Whitman receives $16.5 million performance-based package for 2011, one dollar salary 15
HP CEO Meg Whitman isn't making out like a bandit as much as her predecessor, but she still has potential to do pretty well for herself as HP's chief executive. She agreed to a salary of one dollar a year, plus bonuses and stock options. With 2012 closed out, HP filed with the SEC their customary forms, including disclosures about how much Whitman and the rest of the executive team were compensated for their time and effort.
For her part, Whitman received her $1.00 paycheck, $372,598 in "other compensation" and stock awards worth* more than $16 million. We put an asterisk on 'worth' for a reason - they're only worth that and only available if Whitman can get HP's stock price up. The stock options are broken into two 800,000 block units, the first vesting on her one-year anniversary as HP CEO (22 September 2012) if HP's shares close above $28.31 for 20 consecutive days. The second block comes due a year later at $33.03 per share. As you can imagine, should Whitman be able to hit those marks, she'll have quite the nice payday as a result. Currently, shares of HPQ are trading around $28.76.
We've always been fans of performance-based compensation here - giving the executives a stake in the company gives them motivation to work extra hard. That said, even though they're practically an industry standard, there's something about tying that to the stock price that doesn't sit well with us. The stock price is a general summation of the company's worth, and that includes metrics like market share and profit. But the stock price is also focused almost exclusively on the short term - on the next quarter. A few good quarters can mask a lot of underlying structural problems in a company. Stock-based compensation is centered around the personal enrichment of the executive as a result of the enrichment of the company.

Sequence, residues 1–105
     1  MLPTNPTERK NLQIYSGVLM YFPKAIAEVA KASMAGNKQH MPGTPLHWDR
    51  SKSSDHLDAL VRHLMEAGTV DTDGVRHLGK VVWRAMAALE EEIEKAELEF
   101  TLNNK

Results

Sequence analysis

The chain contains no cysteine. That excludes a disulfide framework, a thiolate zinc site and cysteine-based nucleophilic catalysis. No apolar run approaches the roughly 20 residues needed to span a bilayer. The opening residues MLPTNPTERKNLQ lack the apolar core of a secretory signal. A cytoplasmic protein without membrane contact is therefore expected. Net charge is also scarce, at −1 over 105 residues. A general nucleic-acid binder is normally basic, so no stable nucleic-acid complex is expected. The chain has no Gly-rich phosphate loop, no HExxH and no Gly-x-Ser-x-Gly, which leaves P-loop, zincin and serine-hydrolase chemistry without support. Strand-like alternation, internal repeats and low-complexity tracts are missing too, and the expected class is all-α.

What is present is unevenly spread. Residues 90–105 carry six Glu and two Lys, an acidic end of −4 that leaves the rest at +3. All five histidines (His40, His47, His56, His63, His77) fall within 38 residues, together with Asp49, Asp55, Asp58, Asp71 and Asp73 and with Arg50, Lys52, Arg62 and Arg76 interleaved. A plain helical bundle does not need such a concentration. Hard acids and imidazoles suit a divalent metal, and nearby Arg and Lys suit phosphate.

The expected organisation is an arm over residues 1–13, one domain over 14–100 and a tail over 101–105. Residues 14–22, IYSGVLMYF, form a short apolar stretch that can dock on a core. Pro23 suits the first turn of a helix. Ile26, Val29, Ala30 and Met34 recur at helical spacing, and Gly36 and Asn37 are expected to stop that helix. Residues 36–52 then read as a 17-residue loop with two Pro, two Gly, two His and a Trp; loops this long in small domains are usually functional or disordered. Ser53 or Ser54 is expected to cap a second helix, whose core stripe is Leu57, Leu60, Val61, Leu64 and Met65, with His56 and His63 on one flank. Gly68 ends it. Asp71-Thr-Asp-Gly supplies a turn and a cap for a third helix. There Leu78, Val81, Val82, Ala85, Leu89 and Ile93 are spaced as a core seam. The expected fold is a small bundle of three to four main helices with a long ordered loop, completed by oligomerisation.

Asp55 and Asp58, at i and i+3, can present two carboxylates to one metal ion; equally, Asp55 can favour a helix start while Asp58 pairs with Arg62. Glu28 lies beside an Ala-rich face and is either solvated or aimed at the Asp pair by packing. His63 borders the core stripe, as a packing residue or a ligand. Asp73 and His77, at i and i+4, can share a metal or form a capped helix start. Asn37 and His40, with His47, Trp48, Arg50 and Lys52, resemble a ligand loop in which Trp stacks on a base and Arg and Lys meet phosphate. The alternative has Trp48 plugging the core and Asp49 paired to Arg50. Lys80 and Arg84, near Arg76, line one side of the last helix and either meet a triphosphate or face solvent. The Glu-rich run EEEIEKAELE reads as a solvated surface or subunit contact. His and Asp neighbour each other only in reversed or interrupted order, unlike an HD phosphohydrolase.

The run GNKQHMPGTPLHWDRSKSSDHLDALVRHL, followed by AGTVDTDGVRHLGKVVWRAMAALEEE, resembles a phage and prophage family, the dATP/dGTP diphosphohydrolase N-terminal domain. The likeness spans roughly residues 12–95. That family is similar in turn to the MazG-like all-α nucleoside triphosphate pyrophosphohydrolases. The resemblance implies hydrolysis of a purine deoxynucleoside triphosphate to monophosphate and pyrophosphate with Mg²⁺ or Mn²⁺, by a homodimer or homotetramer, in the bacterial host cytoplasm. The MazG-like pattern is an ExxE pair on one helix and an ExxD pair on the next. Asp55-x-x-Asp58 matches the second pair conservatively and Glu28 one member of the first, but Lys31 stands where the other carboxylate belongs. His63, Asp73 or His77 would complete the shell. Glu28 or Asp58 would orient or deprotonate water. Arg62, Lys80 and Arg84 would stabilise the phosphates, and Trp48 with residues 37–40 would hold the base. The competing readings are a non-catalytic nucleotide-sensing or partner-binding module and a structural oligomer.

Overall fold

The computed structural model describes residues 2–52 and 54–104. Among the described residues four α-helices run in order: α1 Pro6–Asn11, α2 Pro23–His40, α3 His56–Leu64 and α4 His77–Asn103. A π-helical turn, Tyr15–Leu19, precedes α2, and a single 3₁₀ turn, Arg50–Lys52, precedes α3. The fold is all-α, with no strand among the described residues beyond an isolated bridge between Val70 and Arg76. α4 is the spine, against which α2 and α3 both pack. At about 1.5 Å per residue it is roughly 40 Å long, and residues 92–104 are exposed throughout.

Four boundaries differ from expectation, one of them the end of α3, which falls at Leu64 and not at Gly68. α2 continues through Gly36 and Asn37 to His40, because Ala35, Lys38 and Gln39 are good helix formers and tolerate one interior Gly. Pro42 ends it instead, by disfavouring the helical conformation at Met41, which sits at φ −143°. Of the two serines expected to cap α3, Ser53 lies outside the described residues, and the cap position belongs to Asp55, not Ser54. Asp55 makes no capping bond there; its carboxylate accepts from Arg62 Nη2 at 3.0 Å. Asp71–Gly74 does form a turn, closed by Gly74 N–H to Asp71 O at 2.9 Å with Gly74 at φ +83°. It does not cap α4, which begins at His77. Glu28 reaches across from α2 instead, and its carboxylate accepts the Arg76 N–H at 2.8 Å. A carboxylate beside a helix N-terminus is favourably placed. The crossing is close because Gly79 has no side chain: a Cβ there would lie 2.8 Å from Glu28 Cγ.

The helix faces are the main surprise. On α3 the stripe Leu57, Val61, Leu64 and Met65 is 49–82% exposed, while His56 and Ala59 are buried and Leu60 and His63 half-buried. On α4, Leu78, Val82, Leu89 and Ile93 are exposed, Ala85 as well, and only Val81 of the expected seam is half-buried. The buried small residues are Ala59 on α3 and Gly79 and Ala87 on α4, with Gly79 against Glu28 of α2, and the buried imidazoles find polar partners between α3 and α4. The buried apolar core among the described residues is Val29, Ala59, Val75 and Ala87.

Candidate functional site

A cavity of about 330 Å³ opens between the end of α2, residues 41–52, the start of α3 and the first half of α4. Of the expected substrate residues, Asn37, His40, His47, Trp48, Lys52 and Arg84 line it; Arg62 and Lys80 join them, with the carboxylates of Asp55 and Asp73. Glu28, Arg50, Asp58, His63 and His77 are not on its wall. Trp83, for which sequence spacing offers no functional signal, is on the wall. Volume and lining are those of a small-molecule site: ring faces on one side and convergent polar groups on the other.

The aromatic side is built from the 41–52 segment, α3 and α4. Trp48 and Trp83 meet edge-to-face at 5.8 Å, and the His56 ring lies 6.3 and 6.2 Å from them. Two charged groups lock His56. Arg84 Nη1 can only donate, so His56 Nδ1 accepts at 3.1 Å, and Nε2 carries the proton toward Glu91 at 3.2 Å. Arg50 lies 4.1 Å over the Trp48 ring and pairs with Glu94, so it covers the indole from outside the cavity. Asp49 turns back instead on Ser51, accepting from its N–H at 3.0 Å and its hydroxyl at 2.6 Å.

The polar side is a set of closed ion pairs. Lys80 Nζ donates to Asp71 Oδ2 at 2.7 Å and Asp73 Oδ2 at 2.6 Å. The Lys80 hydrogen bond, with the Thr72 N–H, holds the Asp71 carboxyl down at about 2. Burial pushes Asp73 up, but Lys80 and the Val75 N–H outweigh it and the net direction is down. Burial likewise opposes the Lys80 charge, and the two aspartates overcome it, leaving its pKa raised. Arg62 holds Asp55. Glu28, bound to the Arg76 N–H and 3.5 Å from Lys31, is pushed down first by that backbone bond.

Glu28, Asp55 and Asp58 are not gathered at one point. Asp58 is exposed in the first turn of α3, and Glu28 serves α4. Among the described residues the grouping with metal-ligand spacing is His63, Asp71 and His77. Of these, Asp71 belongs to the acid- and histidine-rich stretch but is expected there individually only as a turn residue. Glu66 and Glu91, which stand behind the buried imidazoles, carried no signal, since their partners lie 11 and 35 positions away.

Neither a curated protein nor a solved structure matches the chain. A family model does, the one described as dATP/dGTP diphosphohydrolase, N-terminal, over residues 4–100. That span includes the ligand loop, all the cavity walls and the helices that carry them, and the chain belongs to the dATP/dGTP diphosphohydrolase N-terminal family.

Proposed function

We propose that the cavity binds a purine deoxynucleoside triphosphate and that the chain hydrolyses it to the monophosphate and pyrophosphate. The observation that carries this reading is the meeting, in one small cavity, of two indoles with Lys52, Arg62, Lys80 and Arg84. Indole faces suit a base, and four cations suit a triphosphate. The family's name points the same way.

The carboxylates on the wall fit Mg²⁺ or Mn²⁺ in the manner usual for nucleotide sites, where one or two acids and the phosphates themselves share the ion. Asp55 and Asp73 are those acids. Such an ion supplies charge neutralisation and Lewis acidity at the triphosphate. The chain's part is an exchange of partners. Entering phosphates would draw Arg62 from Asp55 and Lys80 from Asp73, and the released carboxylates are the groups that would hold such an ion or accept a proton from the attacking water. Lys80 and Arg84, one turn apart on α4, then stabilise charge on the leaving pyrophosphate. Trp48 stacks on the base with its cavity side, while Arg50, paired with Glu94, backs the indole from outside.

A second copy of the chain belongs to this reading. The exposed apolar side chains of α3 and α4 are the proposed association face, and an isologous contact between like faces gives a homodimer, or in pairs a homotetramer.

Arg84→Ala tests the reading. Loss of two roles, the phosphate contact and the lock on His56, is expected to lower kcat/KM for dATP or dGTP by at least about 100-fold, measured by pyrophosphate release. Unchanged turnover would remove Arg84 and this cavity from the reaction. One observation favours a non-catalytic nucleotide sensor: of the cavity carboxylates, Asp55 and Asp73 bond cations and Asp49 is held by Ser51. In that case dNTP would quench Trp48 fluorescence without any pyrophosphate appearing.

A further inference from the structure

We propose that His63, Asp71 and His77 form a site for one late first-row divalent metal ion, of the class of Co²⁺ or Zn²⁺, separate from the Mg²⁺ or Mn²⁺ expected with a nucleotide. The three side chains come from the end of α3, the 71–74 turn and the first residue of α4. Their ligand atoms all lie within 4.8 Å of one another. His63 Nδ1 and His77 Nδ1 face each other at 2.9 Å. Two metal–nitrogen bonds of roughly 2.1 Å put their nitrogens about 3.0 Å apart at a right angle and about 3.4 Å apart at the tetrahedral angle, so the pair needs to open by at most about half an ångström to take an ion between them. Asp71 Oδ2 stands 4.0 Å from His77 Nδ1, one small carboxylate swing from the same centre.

We suppose that's not a bad thing, so long as the deal is structured competently. What we finally got a glimpse into HP's filings is the result of a bad deal: Leo Apotheker. The ousted HP CEO's 11 month reign of terror included a much criticized $10-billion acquisition, the thought of splitting of HP's profitable PC division, and the closure of webOS hardware development. During his time at HP, Apotheker brought in $1.15 million in salary, a $4 million signing bonus, $2.4 million severance payment, $17 million in stock, $2.9 million in relocation expenses, and $1.7 million in non-competition payments (perhaps HP should have paid Apotheker to go work somewhere else). Yup, Apotheker made nearly $30 million in the course of wrecking HP and slashing its valuation by 40%. Contrast this with Whitman's compensation package and you can see that the HP Board of Directors learned its lesson the hard way.